1/3 of Voters Still to Be Won over in Presidential TV Debates

  • By Kim Hyeong-won

    February 04, 2022 12:51

    The four major presidential candidates faced off in the first round of live TV debates on Thursday. Lee Jae-myung of the ruling Minjoo Party, Yoon Suk-yeol of the main opposition People Power Party, Ahn Cheol-soo of the minor opposition conservative People's Party, and Sim Sang-jung of the minor progressive Justice Party exchanged barbs on key policy issues.

    Each worked to their own strengths in a bid to win over the millions of voters who have so far been unimpressed by any of them.

    Lee focused on his preparedness to be an "able business-savvy president." Yoon stressed the need to "normalize investigation agencies." Ahn reiterated the "future" of the country and the "unity of the people" and Sim emphasized "eco-friendly and welfare" policies.

    Presidential candidates pose for a photo before a TV debate in Seoul on Thursday. From left, Sim Sang-jung, Lee Jae-myung, Yoon Suk-yeol and Ahn Cheol-soo /Yonhap

    There will be at least three more such debates until the election on March 9 -- on Feb. 21, Feb. 25, and March 2. They will be broadcast live on KBS and MBC.

    Only candidates from political parties with more than five seats in the National Assembly, candidates whose parties won more than three percent of votes in the previous presidential election, and candidates who won an average approval rating of five percent or more in polls conducted between Jan. 16 and Feb. 14 qualify for the debates.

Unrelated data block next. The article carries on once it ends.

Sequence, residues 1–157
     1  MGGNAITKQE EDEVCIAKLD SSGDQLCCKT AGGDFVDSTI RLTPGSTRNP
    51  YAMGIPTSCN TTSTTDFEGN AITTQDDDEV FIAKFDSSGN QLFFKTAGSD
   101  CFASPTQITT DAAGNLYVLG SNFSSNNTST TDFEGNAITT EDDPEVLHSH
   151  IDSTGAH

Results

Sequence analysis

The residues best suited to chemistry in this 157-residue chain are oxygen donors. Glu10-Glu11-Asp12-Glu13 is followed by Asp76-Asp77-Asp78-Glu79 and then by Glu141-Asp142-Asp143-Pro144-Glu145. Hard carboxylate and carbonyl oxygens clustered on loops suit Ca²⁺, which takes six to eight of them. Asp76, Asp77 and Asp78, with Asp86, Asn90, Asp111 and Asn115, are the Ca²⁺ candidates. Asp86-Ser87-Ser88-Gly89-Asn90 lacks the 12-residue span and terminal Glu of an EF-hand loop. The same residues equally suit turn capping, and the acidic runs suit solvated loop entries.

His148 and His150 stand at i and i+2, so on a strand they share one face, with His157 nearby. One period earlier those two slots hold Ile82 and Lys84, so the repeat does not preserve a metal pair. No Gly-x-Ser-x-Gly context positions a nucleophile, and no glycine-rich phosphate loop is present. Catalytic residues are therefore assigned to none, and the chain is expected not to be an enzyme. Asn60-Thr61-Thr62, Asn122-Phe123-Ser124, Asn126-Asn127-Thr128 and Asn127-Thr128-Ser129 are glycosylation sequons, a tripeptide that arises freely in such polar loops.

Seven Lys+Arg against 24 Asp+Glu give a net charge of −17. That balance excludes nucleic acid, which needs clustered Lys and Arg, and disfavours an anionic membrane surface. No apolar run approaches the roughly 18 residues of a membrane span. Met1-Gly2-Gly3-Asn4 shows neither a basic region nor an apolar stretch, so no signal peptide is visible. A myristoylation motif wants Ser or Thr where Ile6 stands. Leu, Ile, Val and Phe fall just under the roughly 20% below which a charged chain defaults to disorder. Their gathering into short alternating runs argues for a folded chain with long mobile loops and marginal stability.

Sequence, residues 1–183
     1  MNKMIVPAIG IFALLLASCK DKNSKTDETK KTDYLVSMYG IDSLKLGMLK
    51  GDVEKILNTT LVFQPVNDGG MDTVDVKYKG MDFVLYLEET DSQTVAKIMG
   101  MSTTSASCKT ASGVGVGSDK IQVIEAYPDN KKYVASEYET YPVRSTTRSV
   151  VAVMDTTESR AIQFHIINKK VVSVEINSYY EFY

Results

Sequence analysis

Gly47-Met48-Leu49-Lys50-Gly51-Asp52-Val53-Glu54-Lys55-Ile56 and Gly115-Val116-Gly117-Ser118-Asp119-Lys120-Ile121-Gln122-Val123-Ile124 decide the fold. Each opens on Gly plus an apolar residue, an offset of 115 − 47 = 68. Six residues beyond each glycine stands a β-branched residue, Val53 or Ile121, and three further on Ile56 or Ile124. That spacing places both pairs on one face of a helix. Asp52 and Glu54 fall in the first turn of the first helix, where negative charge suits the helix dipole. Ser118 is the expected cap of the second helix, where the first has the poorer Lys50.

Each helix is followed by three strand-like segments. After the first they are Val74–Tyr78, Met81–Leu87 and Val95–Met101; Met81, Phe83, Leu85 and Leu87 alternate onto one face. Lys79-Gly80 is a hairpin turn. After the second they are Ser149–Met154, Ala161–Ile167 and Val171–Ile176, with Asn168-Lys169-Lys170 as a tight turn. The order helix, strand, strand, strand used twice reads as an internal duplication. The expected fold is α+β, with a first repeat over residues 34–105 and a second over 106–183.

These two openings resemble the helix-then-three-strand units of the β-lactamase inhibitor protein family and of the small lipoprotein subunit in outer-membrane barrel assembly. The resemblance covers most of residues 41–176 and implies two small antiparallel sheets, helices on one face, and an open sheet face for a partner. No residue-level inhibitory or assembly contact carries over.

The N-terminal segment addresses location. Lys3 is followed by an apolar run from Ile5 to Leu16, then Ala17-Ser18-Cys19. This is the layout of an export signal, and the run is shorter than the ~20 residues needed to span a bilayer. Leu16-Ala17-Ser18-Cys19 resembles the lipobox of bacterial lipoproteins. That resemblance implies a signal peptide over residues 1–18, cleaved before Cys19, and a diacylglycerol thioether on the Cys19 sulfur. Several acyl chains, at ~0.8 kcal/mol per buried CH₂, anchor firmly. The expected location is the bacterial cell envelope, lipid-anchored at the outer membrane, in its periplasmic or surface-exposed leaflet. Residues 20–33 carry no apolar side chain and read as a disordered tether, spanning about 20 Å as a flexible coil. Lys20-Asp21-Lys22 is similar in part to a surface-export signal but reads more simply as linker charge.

Under this rule, all the four major candidates qualify. A TV debate for minor candidates who do not fall under the rule will be held separately on Feb. 22.

    But additional debates could take place if candidates agree. Lee and Yoon had already agreed to a one-on-one early this week, but that was canceled at the last minute due to disputes over debating rules.

    Polling expert Bae Jong-chan said, "There's a high chance that female voters in their 30s through 50s, who take up about 10 percent of all voters, will be influenced by TV debates."

    In a poll of 1,000 voters on Jan. 27-29 by Hankook Research, 31.6 percent of respondents said they could change their minds depending on results of TV debates. But experts speculated that the four-way debates could end up dull and insubstantial.

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